“I’m sorry if I hurt your feelings earlier.  I never meant to.  It wasn’t fair of me to rush you into making your present for Alana.  If I had to create something spectacular under pressure, I’m not sure I’d be able to do it either.  Will you forgive me?”

“Yes, Mom, I forgive you,” she said and then began digging through the pile to revisit some of her favorites.

She found a floral print, one that we both loved, and she stared at it for a long time.  With her permission, I took it from her hands and placed it behind another wooden easel frame that was sitting on the shelf.

“I like it,” she smiled proudly.

I hesitated then asked, “Do you think Alana would like it?”

“But I love it,” she said reluctantly, torn between her art and her friend.

“And that, sweetheart, is what giving gifts is all about,” I responded.  “It isn’t love until you give it away.”

From that moment on without any more prodding from me, Rainey knew what she needed to do. And so we spent the rest of the morning preparing the picture and frame, wrapping it carefully, and relishing the entire process together.  We even scanned the original, printed a copy, and hung it in Rainey’s room for her to enjoy, too.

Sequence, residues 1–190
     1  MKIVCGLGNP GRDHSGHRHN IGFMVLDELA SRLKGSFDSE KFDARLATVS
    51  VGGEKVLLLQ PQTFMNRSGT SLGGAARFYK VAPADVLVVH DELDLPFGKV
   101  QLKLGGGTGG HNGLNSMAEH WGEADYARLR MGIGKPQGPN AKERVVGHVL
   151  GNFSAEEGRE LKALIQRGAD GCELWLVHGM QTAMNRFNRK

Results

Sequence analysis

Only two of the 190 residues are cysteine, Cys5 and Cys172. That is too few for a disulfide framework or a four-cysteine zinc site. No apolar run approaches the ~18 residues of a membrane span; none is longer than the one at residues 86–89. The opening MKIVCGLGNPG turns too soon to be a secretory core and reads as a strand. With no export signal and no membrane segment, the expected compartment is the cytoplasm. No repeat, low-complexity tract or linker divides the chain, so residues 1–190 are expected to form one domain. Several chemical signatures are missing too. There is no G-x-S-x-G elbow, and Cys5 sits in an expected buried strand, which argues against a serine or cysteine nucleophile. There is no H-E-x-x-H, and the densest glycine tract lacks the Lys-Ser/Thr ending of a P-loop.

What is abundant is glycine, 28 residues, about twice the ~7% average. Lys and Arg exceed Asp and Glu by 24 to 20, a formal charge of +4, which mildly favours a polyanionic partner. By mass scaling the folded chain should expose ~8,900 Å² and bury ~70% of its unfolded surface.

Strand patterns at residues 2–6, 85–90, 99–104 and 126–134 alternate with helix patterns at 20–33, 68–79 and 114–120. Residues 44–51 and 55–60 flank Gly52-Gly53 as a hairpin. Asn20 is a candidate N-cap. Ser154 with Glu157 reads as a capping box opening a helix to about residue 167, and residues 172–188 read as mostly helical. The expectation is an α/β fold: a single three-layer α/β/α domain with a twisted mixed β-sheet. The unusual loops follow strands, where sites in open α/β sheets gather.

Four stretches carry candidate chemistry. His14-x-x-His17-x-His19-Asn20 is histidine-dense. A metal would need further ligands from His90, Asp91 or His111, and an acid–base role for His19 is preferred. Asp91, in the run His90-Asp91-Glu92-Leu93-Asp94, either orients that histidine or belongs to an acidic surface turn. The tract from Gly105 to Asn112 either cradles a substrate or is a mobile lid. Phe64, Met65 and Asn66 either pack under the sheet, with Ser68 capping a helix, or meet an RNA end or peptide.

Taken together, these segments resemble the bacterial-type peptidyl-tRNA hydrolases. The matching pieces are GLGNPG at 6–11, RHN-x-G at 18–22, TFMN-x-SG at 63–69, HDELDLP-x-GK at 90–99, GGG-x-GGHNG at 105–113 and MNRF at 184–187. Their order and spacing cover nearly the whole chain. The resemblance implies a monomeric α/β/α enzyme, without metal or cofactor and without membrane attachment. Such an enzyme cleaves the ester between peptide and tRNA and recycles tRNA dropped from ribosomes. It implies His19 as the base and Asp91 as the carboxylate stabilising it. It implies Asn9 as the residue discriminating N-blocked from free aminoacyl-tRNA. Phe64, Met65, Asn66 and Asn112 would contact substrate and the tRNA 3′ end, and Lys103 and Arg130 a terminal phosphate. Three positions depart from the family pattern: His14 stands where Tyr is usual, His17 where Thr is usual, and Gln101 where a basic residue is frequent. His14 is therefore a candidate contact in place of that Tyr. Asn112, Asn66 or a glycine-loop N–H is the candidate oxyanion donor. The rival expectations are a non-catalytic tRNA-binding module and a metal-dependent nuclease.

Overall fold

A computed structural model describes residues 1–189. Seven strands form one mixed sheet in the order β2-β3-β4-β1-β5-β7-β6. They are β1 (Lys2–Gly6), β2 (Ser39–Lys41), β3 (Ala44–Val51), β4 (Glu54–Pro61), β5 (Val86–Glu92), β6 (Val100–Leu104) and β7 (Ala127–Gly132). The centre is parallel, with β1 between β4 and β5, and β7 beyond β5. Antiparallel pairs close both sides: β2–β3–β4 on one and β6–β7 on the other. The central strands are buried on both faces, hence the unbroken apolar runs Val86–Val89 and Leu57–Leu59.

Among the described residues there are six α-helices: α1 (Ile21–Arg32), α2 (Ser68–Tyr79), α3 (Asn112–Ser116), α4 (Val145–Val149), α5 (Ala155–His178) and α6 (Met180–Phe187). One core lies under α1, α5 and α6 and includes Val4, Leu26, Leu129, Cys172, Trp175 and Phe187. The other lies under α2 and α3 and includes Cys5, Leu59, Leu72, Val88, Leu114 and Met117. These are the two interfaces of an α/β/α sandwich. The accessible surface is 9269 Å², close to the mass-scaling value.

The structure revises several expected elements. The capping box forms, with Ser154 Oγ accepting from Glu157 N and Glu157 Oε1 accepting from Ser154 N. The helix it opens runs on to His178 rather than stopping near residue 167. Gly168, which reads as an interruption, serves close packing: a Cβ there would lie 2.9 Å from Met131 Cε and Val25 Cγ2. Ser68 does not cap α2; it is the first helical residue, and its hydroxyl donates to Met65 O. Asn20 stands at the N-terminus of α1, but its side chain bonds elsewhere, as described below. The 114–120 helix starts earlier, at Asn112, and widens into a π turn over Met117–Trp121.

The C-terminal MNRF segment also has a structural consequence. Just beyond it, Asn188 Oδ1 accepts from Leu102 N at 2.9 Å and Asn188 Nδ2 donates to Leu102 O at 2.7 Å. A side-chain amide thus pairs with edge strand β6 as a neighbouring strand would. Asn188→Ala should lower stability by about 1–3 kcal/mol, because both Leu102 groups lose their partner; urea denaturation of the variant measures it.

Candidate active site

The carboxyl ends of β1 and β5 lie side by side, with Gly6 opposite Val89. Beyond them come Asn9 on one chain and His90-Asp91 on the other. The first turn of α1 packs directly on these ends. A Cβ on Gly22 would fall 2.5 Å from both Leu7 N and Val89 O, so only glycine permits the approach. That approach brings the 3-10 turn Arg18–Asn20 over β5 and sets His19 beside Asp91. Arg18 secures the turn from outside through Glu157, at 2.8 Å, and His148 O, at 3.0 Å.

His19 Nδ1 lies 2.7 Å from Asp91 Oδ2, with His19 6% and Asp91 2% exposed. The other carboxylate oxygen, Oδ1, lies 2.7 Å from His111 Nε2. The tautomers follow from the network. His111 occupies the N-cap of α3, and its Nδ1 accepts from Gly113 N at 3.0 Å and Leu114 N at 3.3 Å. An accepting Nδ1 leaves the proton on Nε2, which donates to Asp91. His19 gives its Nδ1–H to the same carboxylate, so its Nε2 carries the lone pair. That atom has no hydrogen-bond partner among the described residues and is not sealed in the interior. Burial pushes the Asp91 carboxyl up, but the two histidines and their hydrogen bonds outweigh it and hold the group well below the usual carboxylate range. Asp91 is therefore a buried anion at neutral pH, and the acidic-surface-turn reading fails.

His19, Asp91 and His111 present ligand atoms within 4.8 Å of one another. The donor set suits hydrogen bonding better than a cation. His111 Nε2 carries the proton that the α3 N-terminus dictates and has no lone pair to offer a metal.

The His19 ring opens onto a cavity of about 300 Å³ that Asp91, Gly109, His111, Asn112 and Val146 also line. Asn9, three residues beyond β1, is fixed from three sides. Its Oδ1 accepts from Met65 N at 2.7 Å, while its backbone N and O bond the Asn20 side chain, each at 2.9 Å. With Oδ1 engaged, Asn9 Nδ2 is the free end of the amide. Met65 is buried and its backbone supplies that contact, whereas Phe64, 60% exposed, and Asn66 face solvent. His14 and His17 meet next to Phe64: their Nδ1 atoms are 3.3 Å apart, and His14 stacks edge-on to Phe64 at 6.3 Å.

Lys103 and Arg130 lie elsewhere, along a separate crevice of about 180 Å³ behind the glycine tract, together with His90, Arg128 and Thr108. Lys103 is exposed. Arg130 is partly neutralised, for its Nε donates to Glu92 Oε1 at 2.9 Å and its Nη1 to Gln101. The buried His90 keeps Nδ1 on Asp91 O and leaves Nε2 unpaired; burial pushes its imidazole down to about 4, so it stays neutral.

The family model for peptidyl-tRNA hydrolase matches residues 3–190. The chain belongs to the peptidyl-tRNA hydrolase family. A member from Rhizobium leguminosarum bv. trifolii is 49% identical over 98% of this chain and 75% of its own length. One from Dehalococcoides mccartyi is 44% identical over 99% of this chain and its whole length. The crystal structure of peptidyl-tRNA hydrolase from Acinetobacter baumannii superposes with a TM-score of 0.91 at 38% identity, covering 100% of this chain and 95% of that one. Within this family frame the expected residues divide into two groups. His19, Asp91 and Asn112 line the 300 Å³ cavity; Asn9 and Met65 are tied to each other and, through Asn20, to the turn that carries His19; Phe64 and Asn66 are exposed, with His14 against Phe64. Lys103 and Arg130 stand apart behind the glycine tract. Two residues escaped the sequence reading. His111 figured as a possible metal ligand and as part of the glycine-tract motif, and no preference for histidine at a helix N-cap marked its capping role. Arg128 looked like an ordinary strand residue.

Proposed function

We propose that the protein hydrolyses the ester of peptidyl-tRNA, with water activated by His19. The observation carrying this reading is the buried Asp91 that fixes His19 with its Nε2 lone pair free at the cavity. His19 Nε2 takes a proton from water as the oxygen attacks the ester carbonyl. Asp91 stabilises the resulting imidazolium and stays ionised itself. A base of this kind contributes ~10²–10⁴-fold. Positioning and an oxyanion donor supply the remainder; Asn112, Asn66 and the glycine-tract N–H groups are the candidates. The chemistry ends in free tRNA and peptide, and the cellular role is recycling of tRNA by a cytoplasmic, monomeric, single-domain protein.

Just before the party, I pulled Rainey close to me again, looked her in the eyes and said, “I think your artwork is worth far more than anything money can buy.  And I think what you’re doing is a beautiful thing.”

She gave me one of her stunning smiles and said, “I think so, too, Mom.”

And so, at the end of the day, I managed to make it through another mess. A little soiled, as usual, but better for it.  I think admitting our mistakes always leads to something good, and the stains often serve as great reminders that I’m privileged to raise three amazing children.

Even Scott and I cleaned up quite nicely.  We apologized for our indiscretions, talked through our differences, and landed on the same page as far as birthday presents are concerned.

What he doesn’t know, though, is that the picture of the cat and dog will be his gift from me this Christmas, and how appropriate.  Together for ever!